Architecture Board Opposes New Courthouse Entrance

New building on East Main Street has planned corner entrance; Kent Planning Commission will review project Aug. 21

Kent's Architectural Review Board issued a certificate of appropriateness Tuesday for Kent's new courthouse — but with opposition to the building's main entrance.

Members of the ARB voted 3-1 to issue the certificate and recommend the Kent Planning Commission approve the project plans at its Aug. 21 meeting.

But the ARB suggested the commission approve the site plan and building design with the main entrance in the center, front of the new courthouse rather than at the southeast corner as planned.

"I think it's important that building have a front presence," ARB member Allan Orashan said.

Portage County Commissioners and judges agreed late last month to make some changes the architecture board recommended in mid July, such as fewer parking spaces, but county officials were adamant about keeping the corner entrance.

Architect Allan Renzi of Richard L. Bowen & Associates in Cleveland, the firm designing the building, told members of the ARB Tuesday that two of the new buildings under construction in downtown Kent — referring to the and buildings — have prominent corner entrances.

"So there is some precedence in the area," Renzi said.

Kent architect Doug Fuller, a member of the ARB, pointed out those two buildings sit on corner lots at street intersections.

"Not in the middle of a block," he said.

The new courthouse will stand on the largely vacant lot at 303 E. Main St. The two-story building will be more than 20,000 square feet with 109 parking spaces.

Kent’s zoning board voted last month to grant the project a variance to reduce the number of parking spots from the 144 required by code to 132. Now the project will need to go before the zoning board again to get approval for the 109 spaces.

Renzi said they reduced the parking, at the ARB's request, and also changed the site plan to move the new courthouse further back from East Main Street so it sits more in line with its next-door neighbors, the and salon buildings.

He said the changes made at the ARB's recommendation didn't lead to any changes to the building's internal floor plan.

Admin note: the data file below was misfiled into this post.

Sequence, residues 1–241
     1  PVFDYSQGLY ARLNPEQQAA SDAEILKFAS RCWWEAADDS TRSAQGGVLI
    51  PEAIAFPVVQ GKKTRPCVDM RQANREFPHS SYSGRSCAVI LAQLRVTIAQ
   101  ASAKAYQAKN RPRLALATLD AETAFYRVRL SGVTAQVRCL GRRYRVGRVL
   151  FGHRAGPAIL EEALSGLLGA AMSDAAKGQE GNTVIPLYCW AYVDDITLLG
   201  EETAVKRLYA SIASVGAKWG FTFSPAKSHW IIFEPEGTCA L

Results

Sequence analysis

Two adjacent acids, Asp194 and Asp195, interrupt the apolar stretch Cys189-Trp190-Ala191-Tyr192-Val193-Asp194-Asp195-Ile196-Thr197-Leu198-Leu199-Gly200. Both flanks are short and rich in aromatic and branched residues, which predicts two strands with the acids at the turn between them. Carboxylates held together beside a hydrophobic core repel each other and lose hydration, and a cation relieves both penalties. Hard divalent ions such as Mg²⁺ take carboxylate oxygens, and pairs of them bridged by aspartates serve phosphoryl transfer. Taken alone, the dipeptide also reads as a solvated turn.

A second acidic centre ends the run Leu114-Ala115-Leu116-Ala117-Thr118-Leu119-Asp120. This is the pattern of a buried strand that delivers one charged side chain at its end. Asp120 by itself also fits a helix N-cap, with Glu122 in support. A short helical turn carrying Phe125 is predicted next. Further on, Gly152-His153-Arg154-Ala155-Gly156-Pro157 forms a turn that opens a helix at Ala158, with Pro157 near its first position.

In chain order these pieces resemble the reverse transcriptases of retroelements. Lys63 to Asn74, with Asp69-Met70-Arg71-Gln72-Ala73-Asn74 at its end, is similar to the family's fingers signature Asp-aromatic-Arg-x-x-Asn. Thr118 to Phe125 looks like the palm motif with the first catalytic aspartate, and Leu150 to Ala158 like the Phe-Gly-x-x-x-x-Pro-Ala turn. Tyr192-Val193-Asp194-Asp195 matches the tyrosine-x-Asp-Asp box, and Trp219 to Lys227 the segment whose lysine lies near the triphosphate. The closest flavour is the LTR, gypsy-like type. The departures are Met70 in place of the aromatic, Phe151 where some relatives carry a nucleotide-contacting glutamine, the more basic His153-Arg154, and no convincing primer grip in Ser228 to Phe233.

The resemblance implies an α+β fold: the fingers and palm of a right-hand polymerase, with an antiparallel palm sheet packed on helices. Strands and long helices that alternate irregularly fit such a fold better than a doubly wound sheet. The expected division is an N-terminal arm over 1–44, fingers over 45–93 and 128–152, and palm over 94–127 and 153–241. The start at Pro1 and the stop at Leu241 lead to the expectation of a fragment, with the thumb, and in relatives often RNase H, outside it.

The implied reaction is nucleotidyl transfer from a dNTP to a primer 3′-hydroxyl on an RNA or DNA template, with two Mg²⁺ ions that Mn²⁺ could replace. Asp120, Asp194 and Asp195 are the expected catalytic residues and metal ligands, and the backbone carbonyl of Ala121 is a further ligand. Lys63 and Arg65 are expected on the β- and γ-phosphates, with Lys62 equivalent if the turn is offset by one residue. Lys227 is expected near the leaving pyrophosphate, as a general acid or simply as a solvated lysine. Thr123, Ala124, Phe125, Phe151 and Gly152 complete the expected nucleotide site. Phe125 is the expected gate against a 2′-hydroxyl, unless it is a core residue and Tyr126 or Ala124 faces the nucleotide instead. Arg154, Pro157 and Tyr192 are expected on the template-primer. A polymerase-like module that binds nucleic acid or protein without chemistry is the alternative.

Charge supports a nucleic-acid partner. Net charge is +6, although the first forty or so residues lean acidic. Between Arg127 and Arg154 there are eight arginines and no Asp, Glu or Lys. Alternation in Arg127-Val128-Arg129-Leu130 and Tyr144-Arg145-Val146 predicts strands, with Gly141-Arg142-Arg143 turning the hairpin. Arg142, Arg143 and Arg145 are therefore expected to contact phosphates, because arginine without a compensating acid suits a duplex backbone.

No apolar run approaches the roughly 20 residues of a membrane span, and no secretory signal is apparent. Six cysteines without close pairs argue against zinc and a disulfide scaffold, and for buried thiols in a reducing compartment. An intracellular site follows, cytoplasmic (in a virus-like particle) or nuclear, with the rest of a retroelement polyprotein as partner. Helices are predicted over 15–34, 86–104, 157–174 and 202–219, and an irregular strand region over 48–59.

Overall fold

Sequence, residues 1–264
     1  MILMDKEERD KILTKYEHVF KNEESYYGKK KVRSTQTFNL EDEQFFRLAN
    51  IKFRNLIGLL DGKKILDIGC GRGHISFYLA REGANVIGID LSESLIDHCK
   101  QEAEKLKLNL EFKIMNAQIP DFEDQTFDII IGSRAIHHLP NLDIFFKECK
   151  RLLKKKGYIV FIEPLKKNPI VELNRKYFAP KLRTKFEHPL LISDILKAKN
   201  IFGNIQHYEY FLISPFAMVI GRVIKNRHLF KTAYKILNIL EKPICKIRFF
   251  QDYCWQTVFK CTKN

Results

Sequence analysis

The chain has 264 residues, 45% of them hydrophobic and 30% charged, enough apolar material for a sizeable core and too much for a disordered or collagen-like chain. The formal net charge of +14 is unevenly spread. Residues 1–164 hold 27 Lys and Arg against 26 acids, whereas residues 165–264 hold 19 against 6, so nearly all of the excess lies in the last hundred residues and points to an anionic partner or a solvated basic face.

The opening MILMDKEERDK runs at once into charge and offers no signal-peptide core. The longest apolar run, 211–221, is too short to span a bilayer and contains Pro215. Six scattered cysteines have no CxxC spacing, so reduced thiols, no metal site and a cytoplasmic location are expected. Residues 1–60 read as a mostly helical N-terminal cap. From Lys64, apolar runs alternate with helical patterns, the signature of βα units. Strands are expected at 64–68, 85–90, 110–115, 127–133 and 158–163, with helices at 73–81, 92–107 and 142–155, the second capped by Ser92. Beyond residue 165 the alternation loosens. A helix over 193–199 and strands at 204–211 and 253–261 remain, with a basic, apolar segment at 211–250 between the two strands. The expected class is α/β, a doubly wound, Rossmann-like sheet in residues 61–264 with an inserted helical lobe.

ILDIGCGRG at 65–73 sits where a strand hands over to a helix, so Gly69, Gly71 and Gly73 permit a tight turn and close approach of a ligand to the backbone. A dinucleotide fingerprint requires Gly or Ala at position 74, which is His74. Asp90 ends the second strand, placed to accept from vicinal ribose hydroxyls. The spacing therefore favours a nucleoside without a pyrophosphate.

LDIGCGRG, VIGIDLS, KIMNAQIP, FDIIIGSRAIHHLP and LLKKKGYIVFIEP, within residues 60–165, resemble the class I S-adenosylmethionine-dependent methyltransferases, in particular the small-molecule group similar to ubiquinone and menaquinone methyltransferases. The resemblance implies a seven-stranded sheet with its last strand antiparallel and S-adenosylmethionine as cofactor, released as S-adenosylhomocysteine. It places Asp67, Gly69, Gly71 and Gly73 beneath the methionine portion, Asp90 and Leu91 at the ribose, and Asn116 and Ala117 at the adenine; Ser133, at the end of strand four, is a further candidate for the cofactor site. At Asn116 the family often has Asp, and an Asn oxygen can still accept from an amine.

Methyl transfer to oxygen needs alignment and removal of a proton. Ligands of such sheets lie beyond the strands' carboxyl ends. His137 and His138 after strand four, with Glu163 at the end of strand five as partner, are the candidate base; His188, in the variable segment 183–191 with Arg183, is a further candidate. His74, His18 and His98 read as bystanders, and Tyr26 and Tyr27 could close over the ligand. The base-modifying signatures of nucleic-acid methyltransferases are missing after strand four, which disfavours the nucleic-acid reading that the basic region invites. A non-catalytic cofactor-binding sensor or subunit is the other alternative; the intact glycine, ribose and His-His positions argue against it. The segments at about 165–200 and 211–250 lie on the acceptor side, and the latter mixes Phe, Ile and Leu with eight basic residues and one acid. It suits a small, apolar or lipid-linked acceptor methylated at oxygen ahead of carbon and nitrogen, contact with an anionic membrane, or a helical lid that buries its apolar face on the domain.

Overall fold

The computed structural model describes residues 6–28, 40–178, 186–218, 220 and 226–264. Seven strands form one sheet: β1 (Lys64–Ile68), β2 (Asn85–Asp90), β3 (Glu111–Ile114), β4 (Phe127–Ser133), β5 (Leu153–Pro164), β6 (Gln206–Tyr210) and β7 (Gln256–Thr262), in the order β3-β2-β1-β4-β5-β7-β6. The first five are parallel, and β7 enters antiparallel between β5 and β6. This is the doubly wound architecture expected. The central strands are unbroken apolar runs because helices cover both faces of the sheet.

Laurel Myers Hurst August 08, 2012 at 12:30 PM
Agree 100%. The building looks like a CVS/Walgreens with the corner entrance!
Wade August 08, 2012 at 07:18 PM
Ellsworth Toohey on the Kent Architectural Review Board? The designing firm has given multiple good reasons for the corner entrance, all of which seem logical and good design.
Alan Phillips August 08, 2012 at 07:39 PM
Leave it as designed. A corner entrance will not adversely affect the appearance or the function of the building.
Tom August 08, 2012 at 10:04 PM
The corner entrance does look a little like Walgreens but they made a good point that functionally it's much easier to reach from the parking lot. If the entry is moved to the middle, it will become a largely symbolic entrance that few will use. I would imagine that they'll have to put in an additional entry (creating security concerns) nearer to parking, especially for handicapped. Also, I find it hard to believe that they can move the entrance from the corner to the middle and it wouldn't affect the floor plans as this article suggests. How's that possible??
h August 08, 2012 at 11:56 PM
I like the corner entrance! Looks like the Goodyear bank in akron. Why should everything be square and straight?!
Matt Fredmonsky August 10, 2012 at 07:09 PM
Tom, that's exactly what the architect said. Moving the entryway would not effect the floor plans. The front of the building is largely hallway space on both floors, according to the plans I saw.


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